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Wait: Hope is Growing

I’ve never been great at waiting. I’ll be honest, I’m terrible at it.

Patience is a virtue, they say. But I look at my little seven-month old son hitting the floor impatiently and he doesn’t have it either. He’s just learned to crawl but he already wants to be walking. So I wonder if perhaps there’s something genetic my family simply didn’t get.

Coming from the contemporary church, it has been something of a joy to be able to learn from more traditional or liturgical Christianity. Hands down, my favourite season is advent.

Advent is about practicing waiting. But not the kind of waiting we tend to practice in ordinary life, say, waiting for the dentist in a vague terror. No, this is hopeful waiting. The season represents both a celebration of the coming of the Christ child, and also a reminder of the second coming of Christ, who will renew the world.

The words of Mary in Luke 1: 38 announce her acceptance of God’s plan, “I am the Lord’s servant… may your word to me be fulfilled. And then it says in the text “Then the angel left her.”

There’s all kinds of silence, right? But it’s a special kind of silence that comes after the word of the angel of the Lord disappears.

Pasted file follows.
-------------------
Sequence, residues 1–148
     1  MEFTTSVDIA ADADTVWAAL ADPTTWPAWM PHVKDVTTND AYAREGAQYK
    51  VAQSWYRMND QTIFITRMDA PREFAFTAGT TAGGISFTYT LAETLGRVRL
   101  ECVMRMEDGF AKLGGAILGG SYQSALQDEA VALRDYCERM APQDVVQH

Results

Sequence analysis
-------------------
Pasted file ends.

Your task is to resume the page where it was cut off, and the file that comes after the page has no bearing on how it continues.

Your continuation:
This silence also marks the time of Mary’s pregnancy.

And pregnancy is a perfect metaphor to think through the season as we await the celebration of Christ the King.

There’s something to celebrate, but there is also need for recognition of the current silence in which we hear the groans of the earth and the many hurts of our world. We realise that it still awaits the Saviour.

This is a growing awareness that something is definitely changing. And yet it is also unrealised.

The bump grows, and grows … and grows. With it, so does the expectation.

Until it is almost overwhelming.

Hope is incredibly powerful.

We can pray from hope, and expect something new.

God hears us.

Just as Israel hoped for a Saviour and this was fulfilled, we are able to pray audacious, hope-filled prayers leading into Christmas Day.

Hope is growing. You cannot always see it, and when you do it takes a long long time to come to fruition - but it will eventually be born.


A Prayer:

Jesus, for all those with broken hearts who are dreading this Christmas, may they be comforted, and find moments of gladness as they wrestle with their pain.

For those who are working in retail this Christmas season, give them restful moments between their shifts, and may they know peace.

For all the pastors serving this Christmas season, may they be given grace to speak words of life, and may they find meaningful time with family in amongst their work.

For the lonely who long for invitation to come and sit at the table, may they receive what they hope for, and find true friendship and love.

For all of us in our diversity – the bees and polar bears, the bright-eyed children and elderly grandparents – we wait upon you even still with eager anticipation for the renewing of the world.


Dr Tanya Riches has published a number of well-known songs through Hillsong Music Australia, including ‘Jesus What A Beautiful Name,’ which reached #6 on Australia’s CCLI worship charts. Her album 'Grace' is available on iTunes.

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